http://qs1969.pair.com?node_id=199435

in reply to Re: Perl Humor

Surely a metric protractor would measure angles in radians. Sounds like someone fobbed you off with an imperial one because they didn't have the right one in stock :)

--
<http://www.dave.org.uk>

"The first rule of Perl club is you do not talk about Perl club."
-- Chip Salzenberg

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Re: Re: Re: Perl Humor
by BrowserUk (Patriarch) on Sep 20, 2002 at 15:46 UTC

Actually, years later I did encounter what might be term as a non-imperial (though not metric) protractor. It was marked up in grads (400 grads = 360 degrees).

I've never found a good explaination of when or where grads are useful as opposed to degrees or radians. They do show up on all three of my scientific calculators and even in the calculator on Windows in scientific mode.

I just found this which appears blames the grad on the (former) British Imperial Army, so maybe they are imperial and degrees should rightly be called metric.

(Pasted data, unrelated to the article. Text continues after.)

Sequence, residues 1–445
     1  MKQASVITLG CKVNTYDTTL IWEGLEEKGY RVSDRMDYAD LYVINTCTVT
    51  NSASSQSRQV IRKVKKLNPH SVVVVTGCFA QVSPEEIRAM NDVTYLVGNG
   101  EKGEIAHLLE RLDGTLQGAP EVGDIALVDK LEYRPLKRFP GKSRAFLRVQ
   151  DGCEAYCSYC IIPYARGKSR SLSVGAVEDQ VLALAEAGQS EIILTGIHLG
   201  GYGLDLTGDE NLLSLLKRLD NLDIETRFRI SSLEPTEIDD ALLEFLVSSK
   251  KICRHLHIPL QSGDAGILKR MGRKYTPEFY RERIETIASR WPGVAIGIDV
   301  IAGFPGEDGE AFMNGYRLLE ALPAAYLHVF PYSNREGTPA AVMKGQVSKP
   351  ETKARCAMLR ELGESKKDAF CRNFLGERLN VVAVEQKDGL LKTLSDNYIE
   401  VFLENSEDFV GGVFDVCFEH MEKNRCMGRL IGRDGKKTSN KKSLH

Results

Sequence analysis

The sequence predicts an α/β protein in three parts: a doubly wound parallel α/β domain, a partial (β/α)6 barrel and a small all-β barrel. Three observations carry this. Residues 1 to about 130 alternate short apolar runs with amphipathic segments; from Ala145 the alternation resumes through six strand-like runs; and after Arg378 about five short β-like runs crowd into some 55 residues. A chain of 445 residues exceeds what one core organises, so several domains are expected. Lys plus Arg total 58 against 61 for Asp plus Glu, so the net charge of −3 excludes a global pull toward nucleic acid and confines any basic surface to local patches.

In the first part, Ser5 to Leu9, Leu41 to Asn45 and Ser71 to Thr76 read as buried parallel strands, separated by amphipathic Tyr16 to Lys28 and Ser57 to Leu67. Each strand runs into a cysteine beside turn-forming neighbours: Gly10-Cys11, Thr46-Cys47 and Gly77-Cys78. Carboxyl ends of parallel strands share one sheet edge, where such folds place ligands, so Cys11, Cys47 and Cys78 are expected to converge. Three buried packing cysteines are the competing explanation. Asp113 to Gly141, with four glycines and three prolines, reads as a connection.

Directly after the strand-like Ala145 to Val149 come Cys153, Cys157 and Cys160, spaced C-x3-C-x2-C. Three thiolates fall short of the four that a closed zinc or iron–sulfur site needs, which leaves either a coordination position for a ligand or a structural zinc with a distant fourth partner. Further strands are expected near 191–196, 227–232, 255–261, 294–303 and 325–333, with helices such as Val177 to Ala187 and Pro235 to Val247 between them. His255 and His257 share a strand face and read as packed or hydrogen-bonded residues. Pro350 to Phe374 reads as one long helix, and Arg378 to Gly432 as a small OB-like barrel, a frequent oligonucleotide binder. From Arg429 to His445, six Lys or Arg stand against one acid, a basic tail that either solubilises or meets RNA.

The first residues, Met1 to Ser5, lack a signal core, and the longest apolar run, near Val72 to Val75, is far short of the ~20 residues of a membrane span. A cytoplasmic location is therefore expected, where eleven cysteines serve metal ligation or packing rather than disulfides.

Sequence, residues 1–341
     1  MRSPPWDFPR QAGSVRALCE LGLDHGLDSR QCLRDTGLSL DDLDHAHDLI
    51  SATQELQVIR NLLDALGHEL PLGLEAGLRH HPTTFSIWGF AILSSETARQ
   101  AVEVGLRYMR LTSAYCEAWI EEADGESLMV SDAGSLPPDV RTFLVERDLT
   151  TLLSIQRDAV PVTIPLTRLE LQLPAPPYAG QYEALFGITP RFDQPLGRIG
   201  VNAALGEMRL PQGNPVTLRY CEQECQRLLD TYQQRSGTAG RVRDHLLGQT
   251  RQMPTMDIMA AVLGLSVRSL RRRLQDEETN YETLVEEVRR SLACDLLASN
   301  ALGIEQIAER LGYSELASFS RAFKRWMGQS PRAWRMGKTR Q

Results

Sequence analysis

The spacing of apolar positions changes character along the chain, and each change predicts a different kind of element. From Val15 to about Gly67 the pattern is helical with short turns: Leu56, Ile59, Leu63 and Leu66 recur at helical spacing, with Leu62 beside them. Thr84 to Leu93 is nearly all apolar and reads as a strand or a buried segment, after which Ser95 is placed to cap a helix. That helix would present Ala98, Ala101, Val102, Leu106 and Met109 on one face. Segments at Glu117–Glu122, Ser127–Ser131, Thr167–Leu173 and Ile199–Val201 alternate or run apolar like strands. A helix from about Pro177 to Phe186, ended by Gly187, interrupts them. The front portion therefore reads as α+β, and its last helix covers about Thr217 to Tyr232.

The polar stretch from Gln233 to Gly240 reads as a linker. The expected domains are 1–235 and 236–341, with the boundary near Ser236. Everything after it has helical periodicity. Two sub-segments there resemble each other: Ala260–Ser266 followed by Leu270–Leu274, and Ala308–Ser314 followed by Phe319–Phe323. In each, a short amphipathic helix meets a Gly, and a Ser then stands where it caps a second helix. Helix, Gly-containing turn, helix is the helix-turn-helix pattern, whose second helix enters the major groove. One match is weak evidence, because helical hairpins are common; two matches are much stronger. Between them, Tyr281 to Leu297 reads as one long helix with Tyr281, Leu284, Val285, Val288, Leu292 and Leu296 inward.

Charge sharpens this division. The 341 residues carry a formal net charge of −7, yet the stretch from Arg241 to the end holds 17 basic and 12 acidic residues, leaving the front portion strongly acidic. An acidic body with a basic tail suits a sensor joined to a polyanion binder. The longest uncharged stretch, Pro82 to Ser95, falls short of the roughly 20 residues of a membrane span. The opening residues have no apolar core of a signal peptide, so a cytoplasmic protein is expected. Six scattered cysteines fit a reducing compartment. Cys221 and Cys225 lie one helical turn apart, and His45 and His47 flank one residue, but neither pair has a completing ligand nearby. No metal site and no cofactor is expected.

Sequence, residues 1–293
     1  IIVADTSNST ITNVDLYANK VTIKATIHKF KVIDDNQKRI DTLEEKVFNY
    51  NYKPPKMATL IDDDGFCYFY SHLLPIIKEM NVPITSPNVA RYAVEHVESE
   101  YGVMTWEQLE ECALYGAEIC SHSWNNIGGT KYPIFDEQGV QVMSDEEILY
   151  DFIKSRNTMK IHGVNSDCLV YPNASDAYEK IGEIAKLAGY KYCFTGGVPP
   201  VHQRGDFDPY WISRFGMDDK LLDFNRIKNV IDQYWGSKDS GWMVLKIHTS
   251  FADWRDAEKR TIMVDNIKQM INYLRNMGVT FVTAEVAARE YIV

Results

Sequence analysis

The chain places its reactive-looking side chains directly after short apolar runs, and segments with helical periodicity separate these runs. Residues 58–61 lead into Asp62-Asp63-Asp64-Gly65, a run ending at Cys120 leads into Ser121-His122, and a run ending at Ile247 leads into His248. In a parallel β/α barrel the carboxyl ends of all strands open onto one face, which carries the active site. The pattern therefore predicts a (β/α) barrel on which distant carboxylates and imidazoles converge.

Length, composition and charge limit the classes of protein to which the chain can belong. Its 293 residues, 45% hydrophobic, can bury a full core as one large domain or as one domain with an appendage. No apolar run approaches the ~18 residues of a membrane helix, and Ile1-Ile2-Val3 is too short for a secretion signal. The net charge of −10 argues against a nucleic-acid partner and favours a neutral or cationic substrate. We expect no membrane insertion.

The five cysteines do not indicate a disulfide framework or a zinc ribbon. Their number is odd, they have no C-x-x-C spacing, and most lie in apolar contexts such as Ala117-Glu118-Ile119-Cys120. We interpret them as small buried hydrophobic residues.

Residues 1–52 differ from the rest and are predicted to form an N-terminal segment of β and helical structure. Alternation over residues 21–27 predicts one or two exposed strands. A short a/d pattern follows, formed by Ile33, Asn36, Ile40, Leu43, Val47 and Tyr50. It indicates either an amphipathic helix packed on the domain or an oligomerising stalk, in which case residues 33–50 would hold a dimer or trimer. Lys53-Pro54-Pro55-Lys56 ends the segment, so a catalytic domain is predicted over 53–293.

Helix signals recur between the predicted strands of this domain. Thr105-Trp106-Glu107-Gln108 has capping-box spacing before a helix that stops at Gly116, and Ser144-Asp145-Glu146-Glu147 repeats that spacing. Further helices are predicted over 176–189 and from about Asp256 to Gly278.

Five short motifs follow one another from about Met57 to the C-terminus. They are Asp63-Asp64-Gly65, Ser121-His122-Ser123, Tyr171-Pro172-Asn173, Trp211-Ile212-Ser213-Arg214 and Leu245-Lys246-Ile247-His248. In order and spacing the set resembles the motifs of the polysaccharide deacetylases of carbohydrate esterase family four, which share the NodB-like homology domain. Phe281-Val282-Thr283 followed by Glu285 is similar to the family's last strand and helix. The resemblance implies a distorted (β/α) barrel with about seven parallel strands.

Cor! Like yer ring! ... HALO dammit! ... 'Ave it yer way! Hal-lo, Mister la-de-da. ... Like yer ring!

I don't remember the details, but IIRC grads are used in range finding. Something along the lines of:

• you know the tank (boom boom) is 20 feet long.
• in my binoculars (with a grad scale on the inside) the tank spans 10 grads.
• the tank is (20/10)x100 feet away.

I either read this in some Army field manual or maybe my father tried to explain it to me.

No, no, it are "mils" you are thinking about. 1 mil is the arc of one meter seen at a distance of 1 km. There are about 6400 mils in a full circle.

CountZero

"If you have four groups working on a compiler, you'll get a 4-pass compiler." - Conway's Law

Well, gradians would be the "metric" version of degrees since in those units a right angle has 100 gradians, which fits better in the metric system. For whatever reason they are not. Gradians are used in geodesics, though.